Chapter XXXVIII.—The Chief Mans House.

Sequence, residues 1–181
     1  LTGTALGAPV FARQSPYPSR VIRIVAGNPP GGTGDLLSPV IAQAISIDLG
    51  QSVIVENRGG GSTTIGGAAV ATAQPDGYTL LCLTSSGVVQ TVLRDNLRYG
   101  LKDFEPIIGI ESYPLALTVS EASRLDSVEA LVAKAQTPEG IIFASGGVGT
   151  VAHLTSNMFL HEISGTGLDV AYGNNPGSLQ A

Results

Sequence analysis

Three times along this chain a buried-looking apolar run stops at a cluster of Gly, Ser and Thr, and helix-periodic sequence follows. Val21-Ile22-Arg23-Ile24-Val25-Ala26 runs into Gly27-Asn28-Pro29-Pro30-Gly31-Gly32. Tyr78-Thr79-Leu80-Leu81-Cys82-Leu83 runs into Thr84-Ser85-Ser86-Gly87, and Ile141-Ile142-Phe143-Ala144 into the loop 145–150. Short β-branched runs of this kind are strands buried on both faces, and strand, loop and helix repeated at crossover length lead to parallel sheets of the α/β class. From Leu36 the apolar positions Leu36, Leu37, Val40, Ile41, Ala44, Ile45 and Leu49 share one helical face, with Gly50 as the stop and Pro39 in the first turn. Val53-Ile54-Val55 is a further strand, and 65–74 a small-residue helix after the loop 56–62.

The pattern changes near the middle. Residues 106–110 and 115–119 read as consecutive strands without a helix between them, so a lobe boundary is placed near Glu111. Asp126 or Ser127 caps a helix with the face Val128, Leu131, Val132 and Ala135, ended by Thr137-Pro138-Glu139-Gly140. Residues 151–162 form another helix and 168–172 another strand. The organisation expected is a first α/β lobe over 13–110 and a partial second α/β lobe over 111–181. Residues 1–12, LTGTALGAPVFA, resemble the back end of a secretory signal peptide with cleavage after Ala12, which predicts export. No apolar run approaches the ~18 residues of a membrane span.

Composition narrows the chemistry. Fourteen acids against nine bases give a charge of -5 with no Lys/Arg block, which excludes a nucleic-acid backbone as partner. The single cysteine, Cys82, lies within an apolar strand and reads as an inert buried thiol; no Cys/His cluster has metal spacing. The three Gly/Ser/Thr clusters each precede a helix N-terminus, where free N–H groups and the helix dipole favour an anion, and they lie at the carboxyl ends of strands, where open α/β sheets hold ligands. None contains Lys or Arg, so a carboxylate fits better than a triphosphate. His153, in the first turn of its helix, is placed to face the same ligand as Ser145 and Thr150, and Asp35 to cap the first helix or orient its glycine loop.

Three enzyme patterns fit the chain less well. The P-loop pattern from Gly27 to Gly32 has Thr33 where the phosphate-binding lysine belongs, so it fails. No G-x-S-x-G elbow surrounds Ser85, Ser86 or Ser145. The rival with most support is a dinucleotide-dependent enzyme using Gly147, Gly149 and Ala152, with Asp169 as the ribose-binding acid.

To these counsels of Peter we willingly assented, saying to him that we should do nothing but what was pleasing to him. Then said he: “That you may therefore be exercised without danger, each of you conduct the discussion in my presence, one succeeding another, and each one elucidating his own questions. Now, then, as Niceta discoursed sufficiently yesterday, let Aquila conduct the discussion to-day; and after Aquila, Clement; and then I, if the case shall require it, will add something.” Meantime, while we were talking in this way, we came to the house; and the master of the house welcomed us, and led us to a certain apartment, arranged after the manner of a theatre, and beautifully built. There we found great crowds waiting for us, who had come during the night, and amongst them the old man who had argued with us yesterday. Therefore we entered, having Peter in the midst of us, looking about if we could see the old man anywhere; and when Peter saw him hiding in the midst of the crowd, he called him to him, saying: “Since you possess a soul more enlightened than most, why do you hide yourself, and conceal yourself in modesty? Rather come hither, and propound your sentiments.”